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Author Topic: Motorola Syntor X9000 - Do or Don't?  (Read 7218 times)
KD5GR
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Posts: 80




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« on: May 18, 2013, 08:20:43 PM »

I'm interested in buying one or more if the Motorola Syntors available on eBay.  They are available in various VHF configurations, as well as 900 MHz.  There are some that will cover both 6 meters and 10 meters and those are especially attractive.

I've been reading a lot of information on www.BatLabs.com and it's a great resource.  However, it also has me wondering of this is a project that is worth tackling.  I don't mind running down the programming cable(s), RSS software or even calling some of my friends and asking of anyone has an old 286, 386 or 486 "slow" computer.  In fact, I wouldn't mind developing the expertise to program these radios and help friends get them on the Ham bands since they are great radios and seem to be readily available.

That said, I wonder if this project is far more involved than I believe.  I'd really appreciate input from folks who have converted and/or programmed Motorola radios.  Would you do it again? 

Thanks,
Chas.
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K5LXP
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Posts: 4435


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« Reply #1 on: May 20, 2013, 06:44:16 AM »

Practically speaking, what would you do with an FM-only 10 and 6M radio? 

The V/U models would offer a bit more because they'll work fine for most local communications.  With SP RSS and software for the X9000 heads you can make up a single head V/U setup.  But it's a lot of messing around.  I think if you want to play with the circle-M stuff I'd go with spectras and leave the syntor stuff behind. 


Mark K5LXP
Albuquerque, NM
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N2HBX
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Posts: 154




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« Reply #2 on: May 27, 2013, 09:21:07 AM »

The reason they're so readily available is because they're so miserable to work with that nobody wants to touch them. They were a pain in the butt to the commercial techs that had to service them back in the day.

I agree with Mark...stick to Spectras or later.

73,
Larry, N2HBX
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KD5GR
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Posts: 80




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« Reply #3 on: May 29, 2013, 01:52:47 PM »

The reason they're so readily available is because they're so miserable to work with that nobody wants to touch them. They were a pain in the butt to the commercial techs that had to service them back in the day.

73,
Larry, N2HBX

That's what concerned me also.  I guess this is one project I'd better pass by.

Thanks guys,
Chas.

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AD4U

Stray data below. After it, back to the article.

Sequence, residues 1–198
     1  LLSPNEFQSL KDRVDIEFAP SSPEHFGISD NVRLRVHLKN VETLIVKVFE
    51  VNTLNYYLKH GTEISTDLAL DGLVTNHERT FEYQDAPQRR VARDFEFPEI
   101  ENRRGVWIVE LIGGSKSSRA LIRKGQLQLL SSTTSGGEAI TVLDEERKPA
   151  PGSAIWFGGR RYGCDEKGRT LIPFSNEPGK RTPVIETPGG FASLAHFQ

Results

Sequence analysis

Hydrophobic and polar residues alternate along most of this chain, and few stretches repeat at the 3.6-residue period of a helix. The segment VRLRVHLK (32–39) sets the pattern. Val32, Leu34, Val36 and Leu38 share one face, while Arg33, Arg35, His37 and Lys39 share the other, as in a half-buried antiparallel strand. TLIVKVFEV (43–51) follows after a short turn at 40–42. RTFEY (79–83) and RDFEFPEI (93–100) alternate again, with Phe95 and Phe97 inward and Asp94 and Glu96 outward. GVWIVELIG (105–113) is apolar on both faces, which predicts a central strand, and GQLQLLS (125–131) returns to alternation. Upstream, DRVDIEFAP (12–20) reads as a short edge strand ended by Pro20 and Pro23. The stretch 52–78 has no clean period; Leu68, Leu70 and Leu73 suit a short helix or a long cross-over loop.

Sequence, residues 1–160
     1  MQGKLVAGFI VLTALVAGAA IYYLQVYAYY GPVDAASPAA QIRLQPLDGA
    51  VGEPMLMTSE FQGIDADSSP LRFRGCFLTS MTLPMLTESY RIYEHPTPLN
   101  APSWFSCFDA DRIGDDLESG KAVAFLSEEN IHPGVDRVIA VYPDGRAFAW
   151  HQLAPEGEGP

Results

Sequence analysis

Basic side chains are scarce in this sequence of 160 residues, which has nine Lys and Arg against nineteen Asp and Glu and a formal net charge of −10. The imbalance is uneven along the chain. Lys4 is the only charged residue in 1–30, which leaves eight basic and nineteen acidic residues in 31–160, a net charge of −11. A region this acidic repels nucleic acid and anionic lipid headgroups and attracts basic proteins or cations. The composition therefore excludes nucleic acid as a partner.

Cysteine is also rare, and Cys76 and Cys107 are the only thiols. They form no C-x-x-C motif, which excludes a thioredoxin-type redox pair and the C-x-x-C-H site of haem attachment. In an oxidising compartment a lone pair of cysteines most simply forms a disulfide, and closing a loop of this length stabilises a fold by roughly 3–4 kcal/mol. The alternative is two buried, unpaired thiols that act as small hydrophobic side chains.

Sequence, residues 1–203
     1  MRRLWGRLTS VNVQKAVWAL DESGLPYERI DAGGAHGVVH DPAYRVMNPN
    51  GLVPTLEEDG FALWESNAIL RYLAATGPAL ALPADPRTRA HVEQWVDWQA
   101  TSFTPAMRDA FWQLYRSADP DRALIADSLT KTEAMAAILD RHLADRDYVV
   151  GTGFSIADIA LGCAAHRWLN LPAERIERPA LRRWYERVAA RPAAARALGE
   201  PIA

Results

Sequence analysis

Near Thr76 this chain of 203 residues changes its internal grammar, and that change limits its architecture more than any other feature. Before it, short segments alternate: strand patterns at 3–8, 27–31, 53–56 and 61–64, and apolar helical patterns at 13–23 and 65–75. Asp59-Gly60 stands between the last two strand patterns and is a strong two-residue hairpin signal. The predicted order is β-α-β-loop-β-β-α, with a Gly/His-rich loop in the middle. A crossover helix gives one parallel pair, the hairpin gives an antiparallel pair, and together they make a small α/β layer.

Member

Posts: 2150




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« Reply #4 on: May 29, 2013, 06:34:06 PM »

I bought about 15 each 110W VHF Syntors when a local utility company went to a trunked system.  They were carefully removed from the vehicles and all of them were working up until they were replaced.  I have control heads (some scan), mic's, wiring harness, antennas, coax, and the original boxes.

Interested?  I need the space.

Dick  AD4U
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W9GB
Member

Posts: 2579




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« Reply #5 on: May 30, 2013, 05:46:06 PM »

Repeater Build has an entire section on the Motorola Syntors.
http://www.repeater-builder.com/motorola/syntor/syntor-index.html

Skip Hansen WB6YMH and Lee Dusbabek K7KAJ developed the Xcat board.
It plugs into the Syntor X in place of the original Motorola module and provides complete funtionality plus it is programmable by a PC using a Windows-based program. A Syntor X plus the Xcat is a much more capable base station or remote base radio than an X9000 - and much cheaper!
There is a Yahoo Group for Xcat.

Photo of Xcat board installed in Syntor
http://www.repeater-builder.com/motorola/syntor/xcat/installed.jpg

Mike Blenderman, K7IC web page covers about everything.
http://www.onfreq.com/syntorx/
« Last Edit: May 30, 2013, 05:53:10 PM by W9GB » Logged
KD5GR
Member

Posts: 80




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« Reply #6 on: June 01, 2013, 06:59:26 PM »

Thanks, I'll check these out.

Chas.

Repeater Build has an entire section on the Motorola Syntors.
http://www.repeater-builder.com/motorola/syntor/syntor-index.html

Skip Hansen WB6YMH and Lee Dusbabek K7KAJ developed the Xcat board.
It plugs into the Syntor X in place of the original Motorola module and provides complete funtionality plus it is programmable by a PC using a Windows-based program. A Syntor X plus the Xcat is a much more capable base station or remote base radio than an X9000 - and much cheaper!
There is a Yahoo Group for Xcat.

Photo of Xcat board installed in Syntor
http://www.repeater-builder.com/motorola/syntor/xcat/installed.jpg

Mike Blenderman, K7IC web page covers about everything.
http://www.onfreq.com/syntorx/
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M6GOM
Member

Posts: 861




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« Reply #7 on: June 02, 2013, 01:46:38 AM »

The biggest problem with all these older commercial transceivers is programming them. As long as there's a workable solution available that'll run under Windows you're OK with any of them. Sites like Repeater Builder and the Yahoo groups are must reads before paying your money.
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